MIAMI BEACH (CBSMiami) – South Florida’s autumnal high tides have arrived which means canals, rivers and coastlines are at risk of flooding.

On Miami Beach Monday morning, there was some flooding on West Avenue between 7th and 11th Streets, West Avenue and 17th Street and Alton Road and 8th Street.

The flooding is caused by unusually high tides which take place in September, October and November.

The tides are expected to be their highest Monday October 15th – 18th and again on November 13th and 16th.

According to the National Oceanic and Atmospheric Administration (NOAA), these high tide events are expected to be 9’’ – 11” above the average high tides for 2012 during these dates.

Tidal fluctuations are a natural occurrence and typically go unnoticed. However extreme tide events such as these have the potential to impact drainage systems and may cause flooding in low lying areas connected to storm drainage systems. Residents are advised to use caution when traveling on any streets with standing water.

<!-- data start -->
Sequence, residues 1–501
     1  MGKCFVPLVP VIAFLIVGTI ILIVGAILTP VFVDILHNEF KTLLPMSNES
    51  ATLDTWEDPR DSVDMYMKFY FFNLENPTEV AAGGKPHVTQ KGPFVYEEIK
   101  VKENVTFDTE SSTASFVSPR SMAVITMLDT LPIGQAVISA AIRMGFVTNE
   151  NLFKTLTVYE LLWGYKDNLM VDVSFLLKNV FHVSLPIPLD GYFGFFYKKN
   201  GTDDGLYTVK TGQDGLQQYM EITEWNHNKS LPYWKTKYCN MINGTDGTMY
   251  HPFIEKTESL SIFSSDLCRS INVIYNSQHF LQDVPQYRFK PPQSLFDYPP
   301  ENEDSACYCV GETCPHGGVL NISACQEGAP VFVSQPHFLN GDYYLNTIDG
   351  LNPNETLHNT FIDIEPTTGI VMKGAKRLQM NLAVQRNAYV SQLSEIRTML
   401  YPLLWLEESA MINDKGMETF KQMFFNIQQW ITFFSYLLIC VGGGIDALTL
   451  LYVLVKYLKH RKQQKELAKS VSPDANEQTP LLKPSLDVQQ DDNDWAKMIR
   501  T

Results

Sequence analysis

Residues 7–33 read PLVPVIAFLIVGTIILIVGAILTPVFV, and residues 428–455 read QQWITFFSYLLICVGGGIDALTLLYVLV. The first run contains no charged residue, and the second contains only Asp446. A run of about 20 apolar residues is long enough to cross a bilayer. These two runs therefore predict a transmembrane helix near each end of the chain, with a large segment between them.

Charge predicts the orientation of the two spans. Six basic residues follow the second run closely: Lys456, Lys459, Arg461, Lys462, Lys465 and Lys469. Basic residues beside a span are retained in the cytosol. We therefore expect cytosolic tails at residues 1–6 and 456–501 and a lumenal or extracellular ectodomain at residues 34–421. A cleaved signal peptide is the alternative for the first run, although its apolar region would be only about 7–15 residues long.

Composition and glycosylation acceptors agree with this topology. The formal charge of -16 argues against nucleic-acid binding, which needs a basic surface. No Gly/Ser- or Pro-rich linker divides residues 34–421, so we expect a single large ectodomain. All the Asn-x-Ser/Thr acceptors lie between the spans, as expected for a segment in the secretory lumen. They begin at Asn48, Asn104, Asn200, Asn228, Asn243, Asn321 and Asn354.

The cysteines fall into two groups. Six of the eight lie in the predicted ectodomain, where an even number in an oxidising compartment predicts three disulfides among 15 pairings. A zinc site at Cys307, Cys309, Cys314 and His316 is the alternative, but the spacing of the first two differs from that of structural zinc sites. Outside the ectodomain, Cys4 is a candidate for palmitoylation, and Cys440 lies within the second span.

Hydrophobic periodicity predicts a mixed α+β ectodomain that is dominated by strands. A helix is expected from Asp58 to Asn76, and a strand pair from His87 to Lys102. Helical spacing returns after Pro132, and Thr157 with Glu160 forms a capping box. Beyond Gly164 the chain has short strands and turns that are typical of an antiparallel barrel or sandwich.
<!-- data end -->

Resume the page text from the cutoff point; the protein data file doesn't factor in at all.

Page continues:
Tides are influenced by the gravitational pull of the moon and the sun, and therefore cycle on a daily, monthly, and seasonal basis. Tides can also be affected by factors such as sea level, and weather, particularly wind and storm surge.

Because South Florida’s storm water system depend on gravity to drain excess water to the ocean, these high tides can also flow back up into the drainage systems along the coast and canals, flooding streets and other areas.

Tuesday morning, the higher-than-normal high tide will take place at 9:49 a.m., Wednesday at 10:39 a.m. and Thursday at 11:31 a.m.